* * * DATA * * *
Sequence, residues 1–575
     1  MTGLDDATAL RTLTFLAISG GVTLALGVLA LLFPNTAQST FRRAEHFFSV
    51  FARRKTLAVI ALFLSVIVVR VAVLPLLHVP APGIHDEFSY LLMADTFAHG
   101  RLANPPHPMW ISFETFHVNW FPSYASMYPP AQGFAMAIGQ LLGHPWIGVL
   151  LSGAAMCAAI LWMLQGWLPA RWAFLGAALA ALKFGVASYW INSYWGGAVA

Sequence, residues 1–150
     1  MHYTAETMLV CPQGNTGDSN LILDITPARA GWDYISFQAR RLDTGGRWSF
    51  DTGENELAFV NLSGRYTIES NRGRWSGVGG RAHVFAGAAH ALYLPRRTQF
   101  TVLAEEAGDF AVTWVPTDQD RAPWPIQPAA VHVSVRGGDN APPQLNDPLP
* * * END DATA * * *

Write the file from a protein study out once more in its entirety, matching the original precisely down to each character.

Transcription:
Sequence, residues 1–575
     1  MTGLDDATAL RTLTFLAISG GVTLALGVLA LLFPNTAQST FRRAEHFFSV
    51  FARRKTLAVI ALFLSVIVVR VAVLPLLHVP APGIHDEFSY LLMADTFAHG
   101  RLANPPHPMW ISFETFHVNW FPSYASMYPP AQGFAMAIGQ LLGHPWIGVL
   151  LSGAAMCAAI LWMLQGWLPA RWAFLGAALA ALKFGVASYW INSYWGGAVA

Sequence, residues 1–150
     1  MHYTAETMLV CPQGNTGDSN LILDITPARA GWDYISFQAR RLDTGGRWSF
    51  DTGENELAFV NLSGRYTIES NRGRWSGVGG RAHVFAGAAH ALYLPRRTQF
   101  TVLAEEAGDF AVTWVPTDQD RAPWPIQPAA VHVSVRGGDN APPQLNDPLP